- VA healthcare is not medical/health insurance, it is health care provided in the VA healthcare system. Enrolled Veterans can receive medical treatment from the VA Medical Center or VA Clinic to which they are assigned. This benefit is only for the Veteran, not family members. VA healthcare will not pay for routine treatment at a non-VA medical facility unless pre-approval is authorized and provided to the Veteran by VA. This is called “VA Care in the Community.” During a medical emergency, Veterans should immediately seek care at the nearest medical facility. A medical emergency is an injury, illness, or symptom so severe that without immediate treatment, you believe your life or health is in danger. If this happens, ask the facility to bill the VA (although there is no guarantee VA will authorize payment). Remember, if you phone VA and speak to the nurse advice line and they advise you to seek emergency care; this is not an authorization for payment.
During a medical emergency, you should immediately seek care at the nearest medical facility. A medical emergency is an injury, illness or symptom so severe that without immediate treatment, you believe your life or health is in danger. If you believe your life or health is in danger, call 911 or go to the nearest emergency department right away.
You do not need to check with the VA before calling for an ambulance or going to an emergency department. During a medical emergency, you are encouraged to seek immediate medical attention without delay. A claim for emergency care will never be denied based solely on VA not receiving notification prior to seeking care.
It is, however, important to promptly notify the VA that you are receiving emergency care at a community emergency department. Notification should be made within 72 hours of admission, sooner is always better. You do not have to be the one to notify the VA, a family member or friend can notify them on your behalf. DO NOT assume the medical facility will contact the VA, even if they say they will, it is better to have someone contact the VA as well. This allows VA to assist you and/or the healthcare provider in coordinating necessary care or transfer, and helps to ensure that the administrative and clinical requirements for the VA to pay for the care are met.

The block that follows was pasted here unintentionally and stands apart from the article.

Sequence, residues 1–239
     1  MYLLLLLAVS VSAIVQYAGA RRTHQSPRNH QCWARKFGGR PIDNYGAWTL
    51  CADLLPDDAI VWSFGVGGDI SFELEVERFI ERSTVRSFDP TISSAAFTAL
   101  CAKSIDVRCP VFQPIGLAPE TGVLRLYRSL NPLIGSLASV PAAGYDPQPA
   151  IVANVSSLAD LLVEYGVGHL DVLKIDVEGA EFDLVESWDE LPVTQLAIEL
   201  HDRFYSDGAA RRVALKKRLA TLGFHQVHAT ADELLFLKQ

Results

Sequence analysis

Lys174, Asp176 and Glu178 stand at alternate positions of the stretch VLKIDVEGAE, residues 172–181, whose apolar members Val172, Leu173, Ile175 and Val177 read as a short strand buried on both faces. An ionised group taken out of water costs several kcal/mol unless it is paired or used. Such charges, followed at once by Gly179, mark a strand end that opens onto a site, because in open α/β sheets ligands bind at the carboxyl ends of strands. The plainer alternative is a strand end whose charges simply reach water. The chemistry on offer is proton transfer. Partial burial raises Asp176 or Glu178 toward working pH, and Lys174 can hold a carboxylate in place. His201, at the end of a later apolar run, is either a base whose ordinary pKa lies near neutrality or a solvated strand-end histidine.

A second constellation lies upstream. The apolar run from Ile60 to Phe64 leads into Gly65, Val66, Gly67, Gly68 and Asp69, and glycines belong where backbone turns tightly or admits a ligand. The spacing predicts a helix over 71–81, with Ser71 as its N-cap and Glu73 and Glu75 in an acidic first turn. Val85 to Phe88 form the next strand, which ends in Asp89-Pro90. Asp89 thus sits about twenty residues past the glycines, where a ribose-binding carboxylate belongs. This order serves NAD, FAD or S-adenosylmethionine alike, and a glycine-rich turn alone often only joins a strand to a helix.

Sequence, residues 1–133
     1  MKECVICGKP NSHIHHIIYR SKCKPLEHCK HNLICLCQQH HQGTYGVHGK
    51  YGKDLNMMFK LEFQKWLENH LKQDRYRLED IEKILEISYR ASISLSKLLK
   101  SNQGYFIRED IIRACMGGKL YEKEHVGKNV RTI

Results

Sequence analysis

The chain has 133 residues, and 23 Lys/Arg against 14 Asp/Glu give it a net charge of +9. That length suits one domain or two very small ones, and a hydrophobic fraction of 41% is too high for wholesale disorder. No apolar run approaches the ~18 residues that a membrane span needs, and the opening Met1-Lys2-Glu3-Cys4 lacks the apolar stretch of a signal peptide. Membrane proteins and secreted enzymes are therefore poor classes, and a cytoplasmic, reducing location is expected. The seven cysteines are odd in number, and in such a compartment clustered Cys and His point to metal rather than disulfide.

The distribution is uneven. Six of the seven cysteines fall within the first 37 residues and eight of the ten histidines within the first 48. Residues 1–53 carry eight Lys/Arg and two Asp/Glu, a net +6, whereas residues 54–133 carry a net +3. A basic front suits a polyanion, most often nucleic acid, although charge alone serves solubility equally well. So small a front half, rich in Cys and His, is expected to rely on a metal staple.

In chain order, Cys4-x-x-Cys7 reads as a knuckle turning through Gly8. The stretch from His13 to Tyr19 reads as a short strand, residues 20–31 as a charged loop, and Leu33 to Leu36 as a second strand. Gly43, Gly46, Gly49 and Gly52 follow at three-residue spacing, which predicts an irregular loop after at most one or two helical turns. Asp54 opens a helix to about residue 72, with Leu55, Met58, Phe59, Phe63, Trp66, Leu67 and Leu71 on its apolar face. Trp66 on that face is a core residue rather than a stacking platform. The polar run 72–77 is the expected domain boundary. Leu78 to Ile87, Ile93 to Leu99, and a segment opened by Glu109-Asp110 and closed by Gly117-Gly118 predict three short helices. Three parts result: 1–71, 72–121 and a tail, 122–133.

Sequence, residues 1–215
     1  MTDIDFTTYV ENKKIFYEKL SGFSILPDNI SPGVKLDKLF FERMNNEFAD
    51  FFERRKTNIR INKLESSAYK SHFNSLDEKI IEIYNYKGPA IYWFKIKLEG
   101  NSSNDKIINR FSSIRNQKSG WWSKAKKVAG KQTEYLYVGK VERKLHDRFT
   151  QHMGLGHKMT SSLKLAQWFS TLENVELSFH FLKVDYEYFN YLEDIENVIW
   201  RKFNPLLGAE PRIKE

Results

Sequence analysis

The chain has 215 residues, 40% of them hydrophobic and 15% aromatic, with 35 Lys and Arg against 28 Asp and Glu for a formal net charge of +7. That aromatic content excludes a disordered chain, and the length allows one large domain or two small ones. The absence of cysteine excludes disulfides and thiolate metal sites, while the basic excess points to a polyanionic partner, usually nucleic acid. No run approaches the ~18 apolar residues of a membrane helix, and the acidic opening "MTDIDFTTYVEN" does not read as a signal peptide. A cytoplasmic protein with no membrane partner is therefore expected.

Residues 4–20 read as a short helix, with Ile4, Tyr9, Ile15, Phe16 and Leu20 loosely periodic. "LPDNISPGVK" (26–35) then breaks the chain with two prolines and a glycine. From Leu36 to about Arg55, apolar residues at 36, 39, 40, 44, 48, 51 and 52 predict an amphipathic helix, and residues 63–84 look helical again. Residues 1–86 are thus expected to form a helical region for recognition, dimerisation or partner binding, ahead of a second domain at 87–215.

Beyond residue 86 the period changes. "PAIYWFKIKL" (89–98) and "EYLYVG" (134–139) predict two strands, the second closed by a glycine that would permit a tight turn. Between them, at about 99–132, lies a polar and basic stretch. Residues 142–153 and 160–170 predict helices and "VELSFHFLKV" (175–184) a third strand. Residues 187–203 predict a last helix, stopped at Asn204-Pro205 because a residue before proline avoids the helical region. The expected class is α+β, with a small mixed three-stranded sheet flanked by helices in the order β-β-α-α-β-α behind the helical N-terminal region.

After Receiving Care
Once your immediate emergency medical care needs have been addressed, you, a family member, or friend should contact the nearest VA medical facility within 72 hours. Once notified, VA staff will assist you and/or your representatives in understanding eligibility and how eligibility relates to services rendered in the community. The VA staff will also ensure that, if desired, you are transferred to a VA medical center upon stabilization and that you are set up to receive additional care, post discharge, without interruption.
IMPORTANT: When you receive emergency medical care, notifying the VA as quickly as possible is always best. It ensures the maximum potential for VA coverage and assists the VA in providing you with the care you need.
Filing a Claim: Claims for emergency medical care should be submitted to the VA as soon as possible after care has been provided. The deadline for filing a claim depends on whether care was provided for a service-connected (24 months) condition or a nonservice-connected (90 days) condition. Here is a quick Video on filing a community care claim with the VA.
Federal Education Benefits
Post 9/11 GI Bill
The Post-9/11 GI Bill provides financial support for education and housing to individuals with at least 90 days of aggregate service after September 10, 2001, or individuals discharged with a service-connected disability after 30 days. You must have received an honorable discharge to be eligible for the Post-9/11 GI Bill.
If your release from active duty was before January 1, 2013, there is a 15-year time limitation for use of benefits. For individuals whose last discharge date is on or after January 1, 2013, the time limitation has been removed.
For more information click HERE.